Outlook for Australian Dollar Still "Bearish" amid Souring Environment for Risk Assets say ANZ

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- AUD retreats from recent highs as USD rebounds Thursday.

- Outlook remains bearish amid elevated trade tensions say ANZ.

- AUD to decline further against both USD and GBP before year-end.

The Australian Dollar outlook remains "mildly bearish" amid a deteriorated environment for so-called risk assets, according to analysts at Australia & New Zealand Banking Group (ANZ), who say the Antipodean will remain at the mercy of global market sentiment during the weeks ahead.

With the Reserve Bank of Australia sitting on its hands as central banks elsewhere raise their interest rates, and the economy motoring along at a decent but still-unspectacular pace, there is little happening onshore that is likely to lift the Aussie out of 2018's downward spiral. 

This means the Aussie will continue to take its cues from events in the international arena, particularly those concerning U.S. trade policy.

"The AUD has pushed towards our terminal forecast of USD0.70, as the risk backdrop remains unsupportive, most notably via the US-China trade tiff. All the while, typical drivers are still adrift. Although favourable, the terms of trade are only sufficient to add some stability to the AUD, rather than drive gains. Similarly, the domestic economy is a ‘neutral’ influence given RBA inaction and so rate differentials remain unsupportive," says Daniel Been, head of currency research at ANZ.

Above: AUD/USD rate shown at daily intervals.

Australia's Dollar has put in a now-rare positive performance during the second half of September following China's commitment to keep the Renmimbi stable even in the face of President Donald Trump's trade war against the world's second largest economy. 

Hopes of some fresh stimulus to support growth as the White House continues its barrage of tariffs and coercive threats against China's political leadership were also decisive in helping stabilise prices of so-called risk assets like the Aussie and emerging market currencies earlier this month. 

China's currency move was the most significant because Australia's Dollar is underwritten by the nation's commodity trade with the world's second largest economy and often serves as a surrogate for speculators seeking to express bearish views about China's state-managed Renmimbi.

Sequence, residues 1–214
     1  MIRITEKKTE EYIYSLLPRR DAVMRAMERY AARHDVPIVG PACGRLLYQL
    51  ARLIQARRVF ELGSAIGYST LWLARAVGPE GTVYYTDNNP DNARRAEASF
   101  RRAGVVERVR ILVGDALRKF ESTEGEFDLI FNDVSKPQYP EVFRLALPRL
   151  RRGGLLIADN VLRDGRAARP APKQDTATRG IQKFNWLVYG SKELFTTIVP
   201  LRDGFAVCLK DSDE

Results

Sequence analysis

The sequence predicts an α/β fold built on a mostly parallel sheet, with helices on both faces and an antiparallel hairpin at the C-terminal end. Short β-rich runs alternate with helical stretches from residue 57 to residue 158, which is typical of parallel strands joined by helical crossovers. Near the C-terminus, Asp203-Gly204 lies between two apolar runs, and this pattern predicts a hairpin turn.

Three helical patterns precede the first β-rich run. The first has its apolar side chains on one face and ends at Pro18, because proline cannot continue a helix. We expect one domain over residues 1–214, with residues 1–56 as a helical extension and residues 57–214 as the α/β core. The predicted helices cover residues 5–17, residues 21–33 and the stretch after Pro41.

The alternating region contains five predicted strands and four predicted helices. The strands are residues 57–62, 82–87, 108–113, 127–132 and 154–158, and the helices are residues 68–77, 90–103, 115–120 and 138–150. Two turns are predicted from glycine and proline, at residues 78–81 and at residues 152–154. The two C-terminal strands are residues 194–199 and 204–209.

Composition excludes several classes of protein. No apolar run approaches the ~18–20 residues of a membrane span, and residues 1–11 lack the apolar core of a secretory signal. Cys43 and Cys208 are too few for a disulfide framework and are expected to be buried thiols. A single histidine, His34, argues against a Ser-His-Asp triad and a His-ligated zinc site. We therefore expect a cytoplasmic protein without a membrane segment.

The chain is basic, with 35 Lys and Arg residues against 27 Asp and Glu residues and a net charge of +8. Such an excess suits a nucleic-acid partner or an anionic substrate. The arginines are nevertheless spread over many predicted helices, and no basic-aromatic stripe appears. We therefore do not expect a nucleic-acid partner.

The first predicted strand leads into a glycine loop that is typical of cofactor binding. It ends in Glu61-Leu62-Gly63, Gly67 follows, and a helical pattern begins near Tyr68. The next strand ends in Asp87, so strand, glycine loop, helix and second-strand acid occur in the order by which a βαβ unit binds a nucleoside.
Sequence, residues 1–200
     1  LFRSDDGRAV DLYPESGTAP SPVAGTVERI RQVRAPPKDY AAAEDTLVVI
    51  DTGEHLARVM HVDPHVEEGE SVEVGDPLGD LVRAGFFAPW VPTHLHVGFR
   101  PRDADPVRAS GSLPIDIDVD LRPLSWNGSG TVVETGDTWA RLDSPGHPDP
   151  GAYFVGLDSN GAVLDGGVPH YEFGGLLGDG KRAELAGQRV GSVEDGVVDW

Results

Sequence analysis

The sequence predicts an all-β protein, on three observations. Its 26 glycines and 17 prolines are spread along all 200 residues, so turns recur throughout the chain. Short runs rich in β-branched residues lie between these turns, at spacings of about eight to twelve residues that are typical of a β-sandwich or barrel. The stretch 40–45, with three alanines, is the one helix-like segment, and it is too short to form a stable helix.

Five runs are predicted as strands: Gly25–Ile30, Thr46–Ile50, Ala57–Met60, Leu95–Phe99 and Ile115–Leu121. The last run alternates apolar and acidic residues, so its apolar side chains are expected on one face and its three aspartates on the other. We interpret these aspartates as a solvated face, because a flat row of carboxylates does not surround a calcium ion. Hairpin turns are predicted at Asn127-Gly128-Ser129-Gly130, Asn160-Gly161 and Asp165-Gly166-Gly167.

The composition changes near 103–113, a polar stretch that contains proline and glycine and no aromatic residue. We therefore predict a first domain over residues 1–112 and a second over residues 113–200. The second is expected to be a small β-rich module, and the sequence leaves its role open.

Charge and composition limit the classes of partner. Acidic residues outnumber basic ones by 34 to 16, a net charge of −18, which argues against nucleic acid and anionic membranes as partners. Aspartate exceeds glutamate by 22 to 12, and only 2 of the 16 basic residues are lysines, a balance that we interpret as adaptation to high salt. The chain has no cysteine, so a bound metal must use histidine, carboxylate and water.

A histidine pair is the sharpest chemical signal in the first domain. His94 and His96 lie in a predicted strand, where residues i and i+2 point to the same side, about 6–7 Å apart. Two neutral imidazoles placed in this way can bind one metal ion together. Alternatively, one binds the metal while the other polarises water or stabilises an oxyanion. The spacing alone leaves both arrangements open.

"Recent AUD weakness means it is trading somewhat cheaply relative to fair value. This signals that it will remain at the mercy of global risk appetite (with space to move in both directions) rather than that it is providing compelling value at current levels. From a medium term perspective, we still anticipate a negative outlook for liquidity. By extension, the outlook for market volatility is likely to be higher. This should continue to frustrate AUD bulls," says Been, in ANZ's monthly FX outlook. 

Above: Pound-to-Aussie rate shown at daily intervals.

Australia's Dollar has fallen 7.5% against the U.S. greenback and 4.7% against Pound Sterling this year due to a combination of factors including a deteriorating domestic interest rate outlook and the White House trade war against China, which has stoked fears of a global economic slowdown and turned sentiment further against the Antipodean.

President Donald Trump has imposed more than $250 billion of China's annual exports to the U.S. in response to "unfair trading practices" that include the alleged forced transfer of technology and intellectual property theft. 

The most recent tariffs targeted $200 billion of exports and were implemented just this week. Trump is still threatening to impose levies on all of China's $500 billion odd of annual exports to America while China has cancelled previously-planned talks that were aimed at de-escalating the conflict since the U.S. went ahead with the latest tariffs. 

This has encouraged analysts to speculate that the next flare-up of tensions between the two is more a question of when, rather than if. If the analyst community is right then it may only be a matter of time before the Australian Dollar is left reeling again. 

"Without a solid domestic story and with few upsides coming from the commodity side, the AUD will likely remain at the mercy of the global risk environment. In the near term, some stability in China’s growth could help at the margin, but more broadly, sentiment is too fragile to bank on any sustained risk relief rally," Been says. "We continue to keep a mild bearish bias for the AUD."

Been and the ANZ currency team forecast the AUD/USD rate will decline to 0.70 before year-end and that it will average that level throughout the 2019 year. They predict the Pound-to-Australian-Dollar rate will rise to 1.85 before the curtain closes on 2018 and that it will climb all the way up to 2.0 by the end of 2019. 

The Australian Dollar was quoted 0.43% lower at 0.7226 against the U.S. Dollar Thursday while the Pound-to-Australian-Dollar rate was 0.20% higher at 1.8189.

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